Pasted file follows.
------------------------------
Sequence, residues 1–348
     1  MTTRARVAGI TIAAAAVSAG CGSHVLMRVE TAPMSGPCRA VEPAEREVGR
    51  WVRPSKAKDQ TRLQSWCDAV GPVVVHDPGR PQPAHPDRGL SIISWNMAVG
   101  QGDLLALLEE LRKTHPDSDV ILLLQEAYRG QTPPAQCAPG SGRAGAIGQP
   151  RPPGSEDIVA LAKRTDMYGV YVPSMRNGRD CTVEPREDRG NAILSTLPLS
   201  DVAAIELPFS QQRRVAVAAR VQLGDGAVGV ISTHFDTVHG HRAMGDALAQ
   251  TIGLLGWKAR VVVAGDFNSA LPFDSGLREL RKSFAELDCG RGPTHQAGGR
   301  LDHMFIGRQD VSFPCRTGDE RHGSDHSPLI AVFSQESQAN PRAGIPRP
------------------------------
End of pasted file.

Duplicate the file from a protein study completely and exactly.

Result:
Sequence, residues 1–348
     1  MTTRARVAGI TIAAAAVSAG CGSHVLMRVE TAPMSGPCRA VEPAEREVGR
    51  WVRPSKAKDQ TRLQSWCDAV GPVVVHDPGR PQPAHPDRGL SIISWNMAVG
   101  QGDLLALLEE LRKTHPDSDV ILLLQEAYRG QTPPAQCAPG SGRAGAIGQP
   151  RPPGSEDIVA LAKRTDMYGV YVPSMRNGRD CTVEPREDRG NAILSTLPLS
   201  DVAAIELPFS QQRRVAVAAR VQLGDGAVGV ISTHFDTVHG HRAMGDALAQ
   251  TIGLLGWKAR VVVAGDFNSA LPFDSGLREL RKSFAELDCG RGPTHQAGGR
   301  LDHMFIGRQD VSFPCRTGDE RHGSDHSPLI AVFSQESQAN PRAGIPRP